Mile 825 on Lower Mississippi, Just Past Arkansas Border – November 18, 2012
The clock always ticks, sometimes slow, sometimes fast, but it always ticks as soon as the last sliver of the Looksha’s yellow hull disappears from my sight. It ticks as I enter a grocery store or look at a restaurant menu, as I fill water bottles or send emails from a library, as I walk to a post office on main street or a gas station along a highway. It ticks, it always ticks because I know that every moment away is a chance that I will never see her again.
A white piece of paper taped to a restaurant door in New Madrid made the clock tick faster than ever.
“Please Help Me!!!” it read. “Please help me find my canoe. My boat was taken from the boat ramp in New Madrid on Friday, November 2nd where it was padlocked to the fence rail with a cable lock. I am canoeing the Mississippi River from Minnesota to the Gulf of Mexico.”
I felt every word like I’d written it myself. It is a desperate plea, not so much for a boat, but for the return of a dream that someone stole. I read it twice, then walked to the street and looked back toward the museum where I’d left the Looksha, just to check, just wanting to see a bit of her yellow on the green grass.
A nice man had come out to offer me some water and said he’d keep an eye on her for me while he ran the front desk. When I asked his name, he said, “French, F-R-E-N-C-H, like the mustard” and I trusted him when he told me that I could leave the boat, that “this wasn’t that kind of town.”
But that white piece of paper said otherwise and I needed to check, just in case, just so I could eat fried catfish and hush puppies without my stomach turning knots.
Today, fifty miles down the river in Caruthersville, Missouri, that paper still hung in my mind and I needed food, water, and, if I could find it, half a gallon of ice cream.
I left the boat at an old ferry ramp that no one uses for anything but an occasional campfire down by the river. There’s a gas station just a quarter-mile away over the levee and on a Sunday morning, the ramp felt deserted and safe. But the clock still ticked as I walked. It always ticks.
The gas station was half restaurant and just as I realized they didn’t have half-gallons of ice cream an old called me over to his booth.
“You going down the river?” he asked.
He read it like I had a billboard over me and I wondered how he knew. More than that, I wondered who else knew. I looked around the store. People walked in and out, trucks pulled out of the parking lot.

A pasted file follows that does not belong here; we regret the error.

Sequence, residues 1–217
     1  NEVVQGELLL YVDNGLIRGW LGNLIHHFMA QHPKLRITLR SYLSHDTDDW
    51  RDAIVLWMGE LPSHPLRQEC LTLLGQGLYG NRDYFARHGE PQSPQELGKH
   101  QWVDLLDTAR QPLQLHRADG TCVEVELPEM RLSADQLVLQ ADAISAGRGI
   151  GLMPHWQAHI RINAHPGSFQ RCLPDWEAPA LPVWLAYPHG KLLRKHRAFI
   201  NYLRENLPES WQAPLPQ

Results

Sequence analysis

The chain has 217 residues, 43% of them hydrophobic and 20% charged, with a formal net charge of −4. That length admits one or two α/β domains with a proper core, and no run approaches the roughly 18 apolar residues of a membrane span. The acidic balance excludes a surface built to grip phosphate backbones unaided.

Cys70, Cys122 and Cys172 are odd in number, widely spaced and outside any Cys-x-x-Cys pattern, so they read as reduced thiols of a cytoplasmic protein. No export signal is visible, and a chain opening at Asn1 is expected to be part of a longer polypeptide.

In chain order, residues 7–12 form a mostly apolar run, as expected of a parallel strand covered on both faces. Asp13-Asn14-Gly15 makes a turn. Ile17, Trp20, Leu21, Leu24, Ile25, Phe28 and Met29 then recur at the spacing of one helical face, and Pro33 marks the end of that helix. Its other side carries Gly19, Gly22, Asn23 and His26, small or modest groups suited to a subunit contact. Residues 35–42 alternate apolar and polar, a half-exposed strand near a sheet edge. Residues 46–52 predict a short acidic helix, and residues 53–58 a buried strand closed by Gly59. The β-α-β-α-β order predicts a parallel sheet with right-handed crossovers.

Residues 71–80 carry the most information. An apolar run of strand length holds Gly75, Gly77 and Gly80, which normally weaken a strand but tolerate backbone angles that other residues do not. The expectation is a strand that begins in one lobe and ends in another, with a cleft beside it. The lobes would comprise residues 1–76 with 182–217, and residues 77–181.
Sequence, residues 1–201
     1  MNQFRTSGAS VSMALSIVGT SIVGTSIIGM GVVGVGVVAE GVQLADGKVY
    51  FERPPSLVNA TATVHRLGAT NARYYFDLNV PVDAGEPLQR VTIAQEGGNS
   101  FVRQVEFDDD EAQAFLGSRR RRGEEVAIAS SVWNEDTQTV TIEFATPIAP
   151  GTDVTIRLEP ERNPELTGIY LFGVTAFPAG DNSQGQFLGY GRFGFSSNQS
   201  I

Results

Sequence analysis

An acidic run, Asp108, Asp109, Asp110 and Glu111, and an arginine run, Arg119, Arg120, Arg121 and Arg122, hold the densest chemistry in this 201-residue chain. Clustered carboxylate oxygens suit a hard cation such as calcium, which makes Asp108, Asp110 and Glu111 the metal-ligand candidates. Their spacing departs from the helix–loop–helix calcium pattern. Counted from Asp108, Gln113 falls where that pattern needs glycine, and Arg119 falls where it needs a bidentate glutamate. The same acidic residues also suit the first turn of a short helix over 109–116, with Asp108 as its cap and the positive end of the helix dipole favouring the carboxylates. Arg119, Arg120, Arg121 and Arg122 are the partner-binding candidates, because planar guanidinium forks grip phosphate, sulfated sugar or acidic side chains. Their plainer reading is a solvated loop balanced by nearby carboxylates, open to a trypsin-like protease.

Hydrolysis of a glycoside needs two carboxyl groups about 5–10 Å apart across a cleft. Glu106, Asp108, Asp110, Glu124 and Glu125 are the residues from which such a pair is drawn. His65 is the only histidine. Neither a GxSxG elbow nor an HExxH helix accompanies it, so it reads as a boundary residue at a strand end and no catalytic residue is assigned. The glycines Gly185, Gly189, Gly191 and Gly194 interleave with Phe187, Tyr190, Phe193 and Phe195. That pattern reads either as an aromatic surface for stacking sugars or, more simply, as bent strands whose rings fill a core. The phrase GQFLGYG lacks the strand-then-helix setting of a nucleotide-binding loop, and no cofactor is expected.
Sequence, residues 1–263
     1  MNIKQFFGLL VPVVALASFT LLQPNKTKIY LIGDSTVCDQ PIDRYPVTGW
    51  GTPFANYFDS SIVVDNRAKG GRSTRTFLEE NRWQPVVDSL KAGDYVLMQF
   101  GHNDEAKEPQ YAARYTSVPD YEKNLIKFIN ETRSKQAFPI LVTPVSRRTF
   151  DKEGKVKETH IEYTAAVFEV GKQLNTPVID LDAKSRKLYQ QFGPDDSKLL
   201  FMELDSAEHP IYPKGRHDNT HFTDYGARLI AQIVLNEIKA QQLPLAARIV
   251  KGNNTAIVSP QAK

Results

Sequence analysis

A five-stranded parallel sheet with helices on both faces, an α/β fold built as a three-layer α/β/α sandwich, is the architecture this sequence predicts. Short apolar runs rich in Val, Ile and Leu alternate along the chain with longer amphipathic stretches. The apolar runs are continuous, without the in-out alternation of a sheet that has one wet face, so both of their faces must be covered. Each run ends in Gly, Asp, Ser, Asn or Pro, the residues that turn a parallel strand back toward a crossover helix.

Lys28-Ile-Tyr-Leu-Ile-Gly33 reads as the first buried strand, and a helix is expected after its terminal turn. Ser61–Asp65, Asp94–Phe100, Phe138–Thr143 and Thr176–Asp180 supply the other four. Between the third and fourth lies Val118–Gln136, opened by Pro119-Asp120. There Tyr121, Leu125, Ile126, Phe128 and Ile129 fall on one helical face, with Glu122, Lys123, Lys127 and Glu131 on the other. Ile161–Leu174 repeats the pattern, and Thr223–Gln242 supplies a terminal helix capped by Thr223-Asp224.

The clock spun.
He told he’d met all kinds going down the river. Stories started to come out. Questions about the trip. Claims that he’d been to the Angle, that the army posted him near Brainerd way back when. Then one of his buddies mentioned the stolen canoe in New Madrid.
“Yea, that happens,” the old man said, more matter-of-fact than concerned. “Met a fellow once and told him he should go all the way to Clarksdale instead of Memphis, but he said he wanted to see Memphis so he’d stop there.”
The man leaned back in his booth.
“Sure enough, got his boat stolen,” he said. “Read about it in the paper.”
That clock spun like mad even though I knew no one would be on that old ferry ramp, not on a Sunday morning. I bought water, some sandwiches, two bags of chips and walked fast toward the boat.
Then I saw another gas station and thought maybe, maybe they have a half-gallon of ice cream, maybe I can spare a few more minutes.
It’s an old tradition from the Appalachian Trail. At the halfway point, you eat a half-gallon of ice cream. I think it’s lucky and I’ve done it on every trip since, but when I got to Cairo, which seemed as good a halfway point as any, 40 degree temperatures and a town two miles up the Ohio River convinced me to wait. In New Madrid, I couldn’t find a half-gallon to buy.
“They gotta have ice cream,” I thought.
I checked the clock in my head and decided to risk it. Ten minutes later, I walked back down that old ferry road with two tubs of ice cream, 1.5 quarts each, a bit more than a half-gallon, but sometimes you have to make do with a little math.
The road felt as abandoned as ever, nothing but a muddy track through the woods along the levee. I looked down toward the water and there was the Looksha, just as I’d left her, bright yellow in the sun. No one would be there on a Sunday morning.
I drifted away, eating spoonfuls of ice cream, and enjoying the silence of a stopped clock.